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March 9, 2016

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Apple joins the fray of moneyless consumer buying

THE debut of Apple Pay on the Chinese mainland last month created a “halo effect” across an industry chain that includes online and offline shoppers, Internet giants, smartphone vendors and payment services and device providers.

Apple Inc’s wireless payment service is a catalyst to boosting acceptance and technology upgrades and to providing consumers a safe, easy alternative to traditional cash transactions, analysts said.

Using “near field communication” technology and bank accounts tied to Apple IDs, the digital wallet can be used at terminals that support the technology. Users hold their Apple device to a point-of-sale machine and then press their fingertips to the phone’s touch ID sensor.

The service is available only on limited Apple devices, such as the iPhone 6 and Apple Watch, which constitutes a small fraction of the 1.3 billion mobile users in China. Still, Apple Pay enlisted 38 million users within the first 12 hours of its debut.

Nearly 20 Chinese banks support the new service and are eagerly promoting it through discounts and coupons. Apple Pay is reportedly not charging commission fees for its first two years of operation in China and charging only 0.07 percent in fees for the two years thereafter — half the rate it charges overseas partner banks.

Compared with bar code scanning payment methods offered by Alibaba and WeChat, Apple Pay offers consumers an easier and safer way to transact with fingerprint identification.

China is estimated to have 80 million to 100 million iPhone 6 users, a consumer class with considerable disposable income. No one wants to miss the huge market opportunities.

Besides banks, participating vendors include McDonald’s, KFC, Seven-Eleven, Pacific Coffee, Carrefour, Meituan-Dianping, Ctrip and Yidao. They are offering special discounts and promotions for Apple Pay users.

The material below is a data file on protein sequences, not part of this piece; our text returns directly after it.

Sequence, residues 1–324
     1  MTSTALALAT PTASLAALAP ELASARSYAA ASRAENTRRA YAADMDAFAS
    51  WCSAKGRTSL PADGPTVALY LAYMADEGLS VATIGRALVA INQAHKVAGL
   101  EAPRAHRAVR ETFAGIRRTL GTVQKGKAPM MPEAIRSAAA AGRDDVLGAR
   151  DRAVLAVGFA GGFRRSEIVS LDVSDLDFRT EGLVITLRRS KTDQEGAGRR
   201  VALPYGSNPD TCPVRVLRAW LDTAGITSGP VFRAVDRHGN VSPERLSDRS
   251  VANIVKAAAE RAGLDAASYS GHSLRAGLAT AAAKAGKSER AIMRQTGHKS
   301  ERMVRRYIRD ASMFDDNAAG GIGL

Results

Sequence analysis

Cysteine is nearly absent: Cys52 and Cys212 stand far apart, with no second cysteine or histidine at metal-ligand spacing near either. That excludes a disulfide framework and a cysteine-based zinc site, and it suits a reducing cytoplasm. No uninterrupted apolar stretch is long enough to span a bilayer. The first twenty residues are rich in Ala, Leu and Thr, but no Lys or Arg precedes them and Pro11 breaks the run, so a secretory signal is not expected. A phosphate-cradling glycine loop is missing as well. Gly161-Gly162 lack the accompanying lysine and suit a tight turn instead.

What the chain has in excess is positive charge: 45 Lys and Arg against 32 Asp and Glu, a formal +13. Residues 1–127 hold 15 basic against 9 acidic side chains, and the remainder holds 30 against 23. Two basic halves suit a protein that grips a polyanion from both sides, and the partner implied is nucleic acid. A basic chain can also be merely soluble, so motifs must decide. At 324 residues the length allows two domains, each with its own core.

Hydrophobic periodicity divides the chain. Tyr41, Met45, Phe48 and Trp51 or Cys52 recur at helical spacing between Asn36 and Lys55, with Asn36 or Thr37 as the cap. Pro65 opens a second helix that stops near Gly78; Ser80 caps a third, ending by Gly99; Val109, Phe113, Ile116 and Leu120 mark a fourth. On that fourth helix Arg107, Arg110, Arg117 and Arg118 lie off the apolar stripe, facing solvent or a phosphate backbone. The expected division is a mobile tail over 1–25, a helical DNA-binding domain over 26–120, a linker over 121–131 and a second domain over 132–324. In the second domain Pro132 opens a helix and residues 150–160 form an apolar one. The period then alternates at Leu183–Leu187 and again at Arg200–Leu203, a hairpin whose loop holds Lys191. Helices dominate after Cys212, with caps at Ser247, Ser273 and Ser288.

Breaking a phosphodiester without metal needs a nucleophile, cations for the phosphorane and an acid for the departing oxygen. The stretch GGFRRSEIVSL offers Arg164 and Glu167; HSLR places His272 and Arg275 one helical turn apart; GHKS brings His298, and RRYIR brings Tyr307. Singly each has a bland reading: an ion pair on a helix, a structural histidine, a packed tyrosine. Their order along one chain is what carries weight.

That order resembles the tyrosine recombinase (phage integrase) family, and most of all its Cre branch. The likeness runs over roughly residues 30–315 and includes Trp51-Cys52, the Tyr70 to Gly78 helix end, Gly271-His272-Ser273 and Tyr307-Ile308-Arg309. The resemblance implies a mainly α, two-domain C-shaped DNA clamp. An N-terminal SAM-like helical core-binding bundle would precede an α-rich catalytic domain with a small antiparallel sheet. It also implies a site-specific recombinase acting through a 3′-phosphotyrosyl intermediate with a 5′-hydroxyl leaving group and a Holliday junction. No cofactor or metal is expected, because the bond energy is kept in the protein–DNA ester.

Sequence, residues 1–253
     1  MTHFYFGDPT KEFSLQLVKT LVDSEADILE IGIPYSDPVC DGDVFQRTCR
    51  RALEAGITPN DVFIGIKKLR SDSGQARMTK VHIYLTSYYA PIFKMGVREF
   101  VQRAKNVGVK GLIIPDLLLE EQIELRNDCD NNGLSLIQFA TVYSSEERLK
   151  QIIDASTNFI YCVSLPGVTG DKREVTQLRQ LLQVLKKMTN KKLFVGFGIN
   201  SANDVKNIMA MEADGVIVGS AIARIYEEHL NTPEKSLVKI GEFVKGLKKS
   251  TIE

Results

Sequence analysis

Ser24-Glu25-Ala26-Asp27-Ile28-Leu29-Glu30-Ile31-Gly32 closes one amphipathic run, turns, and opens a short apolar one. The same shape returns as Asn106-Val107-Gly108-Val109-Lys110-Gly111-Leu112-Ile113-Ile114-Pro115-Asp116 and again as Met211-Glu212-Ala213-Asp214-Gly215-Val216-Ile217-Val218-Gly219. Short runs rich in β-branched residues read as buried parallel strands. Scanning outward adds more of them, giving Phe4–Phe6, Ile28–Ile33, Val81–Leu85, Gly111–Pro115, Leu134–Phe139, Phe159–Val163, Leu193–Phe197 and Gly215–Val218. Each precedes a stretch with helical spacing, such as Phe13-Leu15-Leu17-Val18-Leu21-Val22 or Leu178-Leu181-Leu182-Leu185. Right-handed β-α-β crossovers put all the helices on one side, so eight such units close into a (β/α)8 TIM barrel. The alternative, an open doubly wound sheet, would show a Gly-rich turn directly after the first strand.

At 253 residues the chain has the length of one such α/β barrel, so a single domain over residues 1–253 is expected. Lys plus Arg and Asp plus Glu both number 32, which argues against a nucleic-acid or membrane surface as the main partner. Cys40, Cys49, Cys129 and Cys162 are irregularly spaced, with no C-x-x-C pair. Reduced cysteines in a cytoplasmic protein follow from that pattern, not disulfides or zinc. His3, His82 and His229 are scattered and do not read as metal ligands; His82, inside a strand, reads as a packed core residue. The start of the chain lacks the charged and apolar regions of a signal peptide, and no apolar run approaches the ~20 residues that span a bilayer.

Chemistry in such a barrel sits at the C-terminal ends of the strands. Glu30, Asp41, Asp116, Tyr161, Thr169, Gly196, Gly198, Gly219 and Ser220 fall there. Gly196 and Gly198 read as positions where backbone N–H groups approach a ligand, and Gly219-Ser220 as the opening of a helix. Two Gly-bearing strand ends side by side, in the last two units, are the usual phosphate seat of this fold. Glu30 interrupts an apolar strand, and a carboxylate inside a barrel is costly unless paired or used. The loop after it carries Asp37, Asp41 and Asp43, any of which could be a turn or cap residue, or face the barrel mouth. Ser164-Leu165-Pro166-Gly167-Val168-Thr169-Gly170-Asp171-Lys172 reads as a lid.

The list is growing.

Not to be upstaged, Android phone makers Samsung, Huawei, Xiaomi and ZTE announced that they have “near field communication” capable models already and will develop more this year. Samsung introduced its mobile payment service in China on Monday, in cooperation with China UnionPay.

Apple Pay is available on one-third of POS machines in China while the figure for Samsung Pay is 95 percent.

Xiaomi’s new flagship MI5, which debut in March, supports “near field communication.” Through cooperation with chip designer NXP, Xiaomi’s phones allow users to pay transportation fees and transfer data, starting in Shanghai and Shenzhen before expanding nationwide.

“We have Xiaomi Pay and it’s more powerful than Apple Pay,” said Lei Jun, Xiaomi’s CEO.

UnionPay has provided compatible point-of-sale terminals for users to complete the transactions.

ChinaPnR, a Shanghai-based payment services firm, has said that it would invest heavily to upgrade more point-of-sale machines with “near field communication” capability.

Shares in listed firms such as Shenzhen Sunway Communications Co, which are seen as surrogates for Apple Pay, surged recently. The companies make smartphone chips and point-of-sale machines with “near field communication” technology.


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